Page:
... right to talk about peace than William Howard Taft. James made it articulate in his essay on "The Moral Equivalent of War." James was a great advocate of peace, but he understood Theodore Roosevelt and he spoke for the military man when he wrote of war that: "Its 'horrors' are a cheap price to pay for rescue from the only alternative supposed, of a world of clerks and teachers, of co-education and zo-ophily, of 'consumers' leagues' and 'associated charities,' of industrialism unlimited, and feminism unabashed. No scorn, no hardness, no valor any more! Fie upon ...
— A Preface to Politics • Walter Lippmann

... this comes my way now," he said frankly, "and our own money is worth less and less every day. If things keep on the way they're headed it'll take a bale of it as big as a bale of cotton to pay for one ...
— The Rock of Chickamauga • Joseph A. Altsheler

... to read English. Father had taught himself with great thoroughness, because he was determined some day to go to America. America—that was his dream! But how to get there! It seemed certain that he could never save money enough to pay for so many. That problem was soon ...
— The Destroyer - A Tale of International Intrigue • Burton Egbert Stevenson

... long, and asked him the nicest ever to come again. She walked in the sunlight with him and pointed out the chestnuts. She asked what he thought of a line of trees to shade the road, and they discussed whether the pleasure they would give in summer would pay for the dampness they would hold in winter. They wandered around the yard and into the garden. She sent me to bring a knife, trowel, and paper, so when he started for home, he was carrying a load of cuttings, ...
— Laddie • Gene Stratton Porter

... hands off her!" he said savagely, as Hito stooped. His hands were clenched, his black brows lowering, his mood, plainly, was not to be trifled with. That he should pay for his temerity he knew as well as Hito; but since he was lost in any case, he considered that a little more or less would make ...
— Nicanor - Teller of Tales - A Story of Roman Britain • C. Bryson Taylor

... endeavors of the Presidency, the investment sunk in 1769, and they were even obliged to pay for a part of the goods to private merchants in the Company's bonds, bearing interest. It was plain that this course of business could not hold. The manufacturers of Bengal, far from being generally in a condition to ...
— The Works of the Right Honourable Edmund Burke, Vol. VIII. (of 12) • Edmund Burke

... money in his waistcoat-pocket as he walked towards the railway station. He had very little; a couple of sixpences and a few halfpence. Just about enough to pay for a second-class return ticket, and for his glass of gin-and-water at a ...
— Henry Dunbar - A Novel • M. E. Braddon

... spare and I could not venture to send any part of our small stock of ammunition until I saw what the necessities of our own party required. I told them however that I would gladly receive either provisions or leather when we met and would pay for them by notes on the North-West Company's post; but to prevent any misunderstanding with Mr. Weeks I requested them to take their winter's collection of furs to Fort Providence before they went to the Copper-Mine River. They assured me that the Hook would watch anxiously ...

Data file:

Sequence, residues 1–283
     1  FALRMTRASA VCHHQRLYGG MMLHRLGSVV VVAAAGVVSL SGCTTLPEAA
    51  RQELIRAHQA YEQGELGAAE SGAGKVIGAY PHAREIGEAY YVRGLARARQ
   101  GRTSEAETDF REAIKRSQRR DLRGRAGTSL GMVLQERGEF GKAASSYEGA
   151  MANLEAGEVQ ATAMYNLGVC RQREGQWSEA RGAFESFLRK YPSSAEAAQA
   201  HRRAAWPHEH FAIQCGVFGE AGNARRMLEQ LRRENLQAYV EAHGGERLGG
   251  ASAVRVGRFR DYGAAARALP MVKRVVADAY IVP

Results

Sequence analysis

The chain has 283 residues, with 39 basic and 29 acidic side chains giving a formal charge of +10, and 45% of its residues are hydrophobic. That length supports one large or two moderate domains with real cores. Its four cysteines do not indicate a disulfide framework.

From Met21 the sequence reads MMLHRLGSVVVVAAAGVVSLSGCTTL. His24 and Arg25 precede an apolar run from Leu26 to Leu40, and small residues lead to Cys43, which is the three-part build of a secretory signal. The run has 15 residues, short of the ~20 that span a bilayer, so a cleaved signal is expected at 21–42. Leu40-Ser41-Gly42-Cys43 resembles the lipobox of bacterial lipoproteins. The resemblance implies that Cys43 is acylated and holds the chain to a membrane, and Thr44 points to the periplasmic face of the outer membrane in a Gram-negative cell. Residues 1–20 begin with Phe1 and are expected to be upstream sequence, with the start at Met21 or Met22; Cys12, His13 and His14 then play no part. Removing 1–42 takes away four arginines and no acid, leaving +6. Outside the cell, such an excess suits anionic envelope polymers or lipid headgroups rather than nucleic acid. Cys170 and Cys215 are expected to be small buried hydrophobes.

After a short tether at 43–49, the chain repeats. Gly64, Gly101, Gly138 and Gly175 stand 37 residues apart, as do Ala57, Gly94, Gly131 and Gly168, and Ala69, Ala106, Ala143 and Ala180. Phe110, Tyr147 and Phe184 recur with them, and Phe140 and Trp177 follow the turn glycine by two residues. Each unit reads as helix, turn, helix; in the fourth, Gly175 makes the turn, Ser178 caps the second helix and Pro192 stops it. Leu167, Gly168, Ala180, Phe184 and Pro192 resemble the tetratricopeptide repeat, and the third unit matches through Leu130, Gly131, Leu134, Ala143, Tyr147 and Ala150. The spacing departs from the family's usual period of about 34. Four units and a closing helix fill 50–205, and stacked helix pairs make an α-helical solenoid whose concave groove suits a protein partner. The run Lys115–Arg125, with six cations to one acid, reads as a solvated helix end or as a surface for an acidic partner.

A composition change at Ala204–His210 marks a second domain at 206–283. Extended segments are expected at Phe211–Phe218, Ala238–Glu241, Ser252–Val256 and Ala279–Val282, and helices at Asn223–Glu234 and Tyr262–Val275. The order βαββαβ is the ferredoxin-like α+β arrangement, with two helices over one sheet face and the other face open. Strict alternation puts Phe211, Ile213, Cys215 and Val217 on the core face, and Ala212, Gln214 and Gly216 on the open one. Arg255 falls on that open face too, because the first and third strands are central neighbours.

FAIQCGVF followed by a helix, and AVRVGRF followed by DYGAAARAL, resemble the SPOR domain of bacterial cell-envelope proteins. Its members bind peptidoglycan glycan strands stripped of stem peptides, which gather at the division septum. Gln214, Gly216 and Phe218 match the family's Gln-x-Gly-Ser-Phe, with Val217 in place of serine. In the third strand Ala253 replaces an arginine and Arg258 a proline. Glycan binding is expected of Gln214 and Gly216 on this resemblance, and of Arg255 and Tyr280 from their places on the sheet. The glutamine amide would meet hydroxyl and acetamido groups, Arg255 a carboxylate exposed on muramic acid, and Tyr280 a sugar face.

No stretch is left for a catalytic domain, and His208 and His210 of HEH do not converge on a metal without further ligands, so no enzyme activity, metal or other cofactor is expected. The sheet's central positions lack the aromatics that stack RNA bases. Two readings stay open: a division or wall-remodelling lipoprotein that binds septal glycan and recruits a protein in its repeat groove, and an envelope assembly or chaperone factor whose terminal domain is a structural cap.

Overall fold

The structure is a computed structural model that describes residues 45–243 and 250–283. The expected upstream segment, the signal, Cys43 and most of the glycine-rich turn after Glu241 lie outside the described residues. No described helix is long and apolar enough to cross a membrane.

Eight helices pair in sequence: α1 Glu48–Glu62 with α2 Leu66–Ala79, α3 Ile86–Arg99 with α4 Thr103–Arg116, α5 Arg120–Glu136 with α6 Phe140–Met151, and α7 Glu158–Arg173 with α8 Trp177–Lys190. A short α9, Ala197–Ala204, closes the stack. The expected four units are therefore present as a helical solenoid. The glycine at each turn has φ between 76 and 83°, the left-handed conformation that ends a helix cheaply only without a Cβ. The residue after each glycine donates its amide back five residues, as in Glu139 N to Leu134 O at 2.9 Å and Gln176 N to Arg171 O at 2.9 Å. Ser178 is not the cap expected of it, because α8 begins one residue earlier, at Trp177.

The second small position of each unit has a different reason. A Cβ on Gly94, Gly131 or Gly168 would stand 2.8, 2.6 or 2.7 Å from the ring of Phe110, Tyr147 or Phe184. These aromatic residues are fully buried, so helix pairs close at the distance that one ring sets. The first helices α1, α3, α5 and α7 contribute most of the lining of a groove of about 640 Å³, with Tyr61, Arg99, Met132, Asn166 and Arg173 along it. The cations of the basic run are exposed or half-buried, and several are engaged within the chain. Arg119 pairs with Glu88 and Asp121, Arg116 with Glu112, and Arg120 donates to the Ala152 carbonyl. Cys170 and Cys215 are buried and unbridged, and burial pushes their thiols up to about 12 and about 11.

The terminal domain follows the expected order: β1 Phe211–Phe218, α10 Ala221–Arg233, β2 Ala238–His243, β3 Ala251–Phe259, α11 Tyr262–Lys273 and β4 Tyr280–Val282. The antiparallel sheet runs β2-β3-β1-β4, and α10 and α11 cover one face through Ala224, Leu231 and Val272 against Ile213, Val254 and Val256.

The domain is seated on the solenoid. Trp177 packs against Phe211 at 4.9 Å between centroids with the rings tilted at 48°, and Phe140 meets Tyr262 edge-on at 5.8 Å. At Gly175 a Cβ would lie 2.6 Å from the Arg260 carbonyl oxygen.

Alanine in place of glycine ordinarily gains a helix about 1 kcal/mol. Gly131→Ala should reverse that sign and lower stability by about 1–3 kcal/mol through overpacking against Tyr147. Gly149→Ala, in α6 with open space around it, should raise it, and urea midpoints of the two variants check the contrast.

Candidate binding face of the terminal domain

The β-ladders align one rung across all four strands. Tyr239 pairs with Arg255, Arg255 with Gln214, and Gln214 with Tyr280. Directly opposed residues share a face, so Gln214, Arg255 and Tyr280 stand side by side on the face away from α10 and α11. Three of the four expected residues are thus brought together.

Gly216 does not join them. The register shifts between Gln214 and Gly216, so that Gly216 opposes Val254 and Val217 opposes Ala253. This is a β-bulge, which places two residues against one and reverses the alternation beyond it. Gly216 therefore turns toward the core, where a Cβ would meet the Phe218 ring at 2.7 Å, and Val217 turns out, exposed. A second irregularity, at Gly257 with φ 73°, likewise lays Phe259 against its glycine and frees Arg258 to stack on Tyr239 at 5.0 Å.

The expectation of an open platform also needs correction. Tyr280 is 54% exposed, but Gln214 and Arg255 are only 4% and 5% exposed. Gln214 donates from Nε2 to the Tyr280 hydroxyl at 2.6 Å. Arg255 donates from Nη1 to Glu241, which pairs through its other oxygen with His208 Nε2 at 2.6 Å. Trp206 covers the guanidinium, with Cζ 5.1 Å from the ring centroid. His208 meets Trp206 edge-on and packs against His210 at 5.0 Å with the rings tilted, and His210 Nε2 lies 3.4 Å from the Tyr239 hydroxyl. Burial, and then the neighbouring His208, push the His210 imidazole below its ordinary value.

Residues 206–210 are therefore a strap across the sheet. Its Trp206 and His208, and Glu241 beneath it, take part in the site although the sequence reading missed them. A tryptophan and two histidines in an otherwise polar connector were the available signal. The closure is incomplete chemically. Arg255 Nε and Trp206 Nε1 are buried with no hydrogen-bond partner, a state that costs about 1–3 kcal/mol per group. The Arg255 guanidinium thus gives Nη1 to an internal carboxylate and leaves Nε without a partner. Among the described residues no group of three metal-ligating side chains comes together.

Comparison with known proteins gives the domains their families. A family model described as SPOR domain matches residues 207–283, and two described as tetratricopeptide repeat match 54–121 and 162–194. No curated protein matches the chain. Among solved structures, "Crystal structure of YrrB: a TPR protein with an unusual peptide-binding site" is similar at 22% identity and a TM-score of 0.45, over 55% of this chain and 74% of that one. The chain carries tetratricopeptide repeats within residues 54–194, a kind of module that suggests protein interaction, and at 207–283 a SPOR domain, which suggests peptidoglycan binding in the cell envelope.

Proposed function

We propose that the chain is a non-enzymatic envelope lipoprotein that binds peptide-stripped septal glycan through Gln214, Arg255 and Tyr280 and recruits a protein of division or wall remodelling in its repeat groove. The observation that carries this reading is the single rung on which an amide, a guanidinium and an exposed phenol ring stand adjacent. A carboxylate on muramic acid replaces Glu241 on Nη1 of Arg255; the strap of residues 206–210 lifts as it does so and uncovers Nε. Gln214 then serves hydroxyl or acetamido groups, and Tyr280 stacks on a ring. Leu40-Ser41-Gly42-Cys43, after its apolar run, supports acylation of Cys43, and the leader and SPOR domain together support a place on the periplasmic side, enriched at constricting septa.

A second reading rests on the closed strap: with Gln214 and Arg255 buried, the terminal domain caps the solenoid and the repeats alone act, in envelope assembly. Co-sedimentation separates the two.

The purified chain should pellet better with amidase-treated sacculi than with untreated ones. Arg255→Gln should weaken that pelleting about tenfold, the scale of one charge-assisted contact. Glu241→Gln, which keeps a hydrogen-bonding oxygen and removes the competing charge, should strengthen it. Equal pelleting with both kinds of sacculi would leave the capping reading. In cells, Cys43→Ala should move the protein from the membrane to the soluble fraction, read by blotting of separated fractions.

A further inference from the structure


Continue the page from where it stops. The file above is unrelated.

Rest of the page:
— The Journey to the Polar Sea • John Franklin

... thought that war was unspeakably terrible. He thought that peace at the price which our country has been forced to pay for it was infinitely worse. And he was one of those who have gradually taught this country to see the matter in ...
— The Red Cross Girl • Richard Harding Davis

... am not going to buy a property that I cannot pay for. My father did something of the kind once, and all the time he was a laird we were poor. He sold the property at a great loss, and then things looked up again with him. I'd rather be a rich farmer than ...
— Mr. Hogarth's Will • Catherine Helen Spence

... two, sunk in thought, and then unlocked a desk drawer and took out his bankbook. He had saved a little money. Not much, but it would carry him over if he couldn't get another leave of absence. He thought, as he put the book away and prepared for bed, that it was a small price to pay for finding Clifton Hines and ...
— The Breaking Point • Mary Roberts Rinehart

... my third machine," said Norton. "If anything happens to it, I shall lose the prize, at least as far as this meet is concerned, for I don't believe I shall get my fourth and newest model from the makers in time. Anyhow, if I did I couldn't pay for it—I am ruined, if I don't win that twenty-five-thousand-dollar Brooks Prize. And, besides, a couple of army men are coming to inspect my aeroplane and report to the War Department on it. I'd have stood a good chance of selling it, I think, if my flights here had been like the trials you saw. ...
— The Silent Bullet • Arthur B. Reeve

... excuse of sickness was nought, for they had eaten heartily three meals a day while pretending illness. They had no excuse to offer, so I disrated the naik or corporal, and sentenced the others to carry loads; if they behave well, then they will get fatigue pay for doing fatigue duty, if ill, nothing but their pay. Their limbs are becoming contracted from sheer idleness; while all the other men are well and getting stronger they alone are disreputably slovenly and useless-looking. Their filthy habits are to be reformed, and if found at their ...